One fine June morning, when the roses were in full dress, an’ the air had the smell of flowers an’ new- mown hay, Larry went to St. Patrick’s Market to sell a cow that had gone dry. Three weeks before, an’ that same Larry would have sung or whistled every foot of the road, barrin’ he met a traveller and stopped to give him the time o’ day. or exchange a joke. But now he kept his hands in his pockets, his chin hung on his chest, an’ his mouth was as close as a miser’s purse. He had a sup of whiskey before he left home, to keep his heart up, but; fur all that he looked as melancholy as the cow he wor drivin’. He had barely got a couple of miles beyant Peter Quin’s farm, which lay in his way to Dublin, when he heard a thin weak voice callin’ to him, like the wind through a keyhole.

The top o’ the mornin’ to you, Larry The same to you, misther, answered Larry, slowly lifting his eyes, an’ then rubbin’ them to clear the cob- webs away; for straight across the road was a gate where never a gate had been before, an’ sittin’ cross- legged on the topmost bar was the queerest little old man Larry had ever seen. He was no bigger than a two-year child, but his face was as wizen an’ wrinkled as if he was four hundred. He was dressed in an old-fashioned coat an’ breeches as green as the grass, had shining buckles in his shoes, and on his head a bright red cap. By all them tokens Larry knew that the little old man was a leprechaun, an’ his mouth began to wather for some of the gold he knew the old gintleman must have hid in the ground some- where about, an’ his heart began to thump. But Larry was not the boy to be afraid, so he put a bould face on when the leprechaun, with his head cocked on one side and a knowing twinkle in his eye, said to him, That’s a fine baste yez drivin’, Larry!” Troth, yer honour, an’ ye may say that same,” replied Larry, doffin his caubeen an’ scrapin’ his foot, for he thought it best to be civil. An’ so your drivin’ the cow to market because she’s lost her milk, an ye mane to askin’ pound ten for her said the leprechaun with a comical chuckle. Begod, an’ I am!” exclaimed Larry, opening his eyes and slapping his thigh in amazement, an’ sure, it’s the knowin’ old gintleman yer honour is ” Thrue for you,” said the leprechaun; “an’ maybe I know, besides, that Larry M’Cann’s goin’ to the bad for love of the purtiest girl in Wicklow. But pluck up a spirit, Larry, don’t be cast down. It’s I that owe Peter Quinn a grudge this many a long day, for his meaness in cheatin’ the fairies of their due. Never a fairies’ drop’ (milk left as a propitiatory offering to the Good People) is to be found in Peter’s cow-house or dairy; and never a turf or a pratie or a cast-off coat has he for a poor shivering begger or omadhaun’ (idiot), ‘bad cess to him An’ so, Larry, I mean to befriend yez for it’s yez thet have the warm heart and open hand’ an’ we’ll back thim against the cowld heart ,.nd the tight fist any day an’ the leprechaun plucked off his red cap and swung it over his head, as if in high glee.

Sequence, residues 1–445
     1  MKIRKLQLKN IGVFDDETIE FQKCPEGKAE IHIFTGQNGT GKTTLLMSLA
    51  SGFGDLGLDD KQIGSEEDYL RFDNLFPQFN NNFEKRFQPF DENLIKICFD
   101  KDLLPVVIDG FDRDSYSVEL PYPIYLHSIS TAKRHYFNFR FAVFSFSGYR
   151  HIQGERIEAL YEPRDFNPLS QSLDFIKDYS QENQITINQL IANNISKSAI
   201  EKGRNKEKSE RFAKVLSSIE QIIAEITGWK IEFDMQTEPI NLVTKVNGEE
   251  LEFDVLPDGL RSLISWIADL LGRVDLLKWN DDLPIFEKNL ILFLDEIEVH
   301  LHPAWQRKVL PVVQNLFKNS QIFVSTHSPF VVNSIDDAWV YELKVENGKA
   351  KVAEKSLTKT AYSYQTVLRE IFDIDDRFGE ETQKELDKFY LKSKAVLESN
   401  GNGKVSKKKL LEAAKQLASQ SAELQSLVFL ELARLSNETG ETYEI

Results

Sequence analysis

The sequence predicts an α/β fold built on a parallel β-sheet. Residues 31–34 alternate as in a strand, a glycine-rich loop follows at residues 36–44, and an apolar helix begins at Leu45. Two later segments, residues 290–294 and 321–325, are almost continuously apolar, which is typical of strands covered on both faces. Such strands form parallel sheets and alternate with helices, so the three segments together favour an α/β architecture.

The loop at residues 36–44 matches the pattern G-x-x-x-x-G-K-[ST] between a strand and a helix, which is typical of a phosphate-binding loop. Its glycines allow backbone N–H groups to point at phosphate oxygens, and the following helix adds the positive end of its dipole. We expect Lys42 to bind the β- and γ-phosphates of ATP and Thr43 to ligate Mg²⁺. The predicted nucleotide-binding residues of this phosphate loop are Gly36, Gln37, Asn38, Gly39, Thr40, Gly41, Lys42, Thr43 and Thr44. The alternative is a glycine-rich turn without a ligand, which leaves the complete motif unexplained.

Larry, with another scrape of his foot, thanked the green-coated old gentleman, an’ asked him if he meant to show him where to find a pot of goold. Ay, an’ that I do; but, Larry,” an’ here he looked slyer than ever, the fortun’s in your own right hand, man, an’ it’s I that meane to teache ye to find it there.” Larry opened his great brown hand, an’ turned it over, an’ looked in the broad palm. Divil a bit I see of a fortin’ there,” says he. Whisht says the leprechaun. Go on wid yer beast, an’ when ye meet a man wid his breeches knees untied, an’ his coat-tails down to his heels, an’ a wisp of straw in his shoes to keep his toes warm where they peep out of his stockin’s, an’ a caubeen witout a brim, thin ye’ll know the man that’ll bid for yer cow, an’ give ye nine goolden guineas for her, not dirty notes. Nine guineas begod, an’ that’s more than-” Larry stopped short. The leprechaun was gone, an’ the gate was gone, an’ the poor cow walked on as if she had never been stayed.

“Perhaps she never had,’ suggested Fred ‘Now, Masther Fred,’ said Margaret ”if ye interrupt me agin wid yer roguish doubts, I shall stop, an ye’ll never hear how it all ended.’ Go on, Margaret,’ urged I, and Margaret obeyed.

– 0 – 0 – 0 –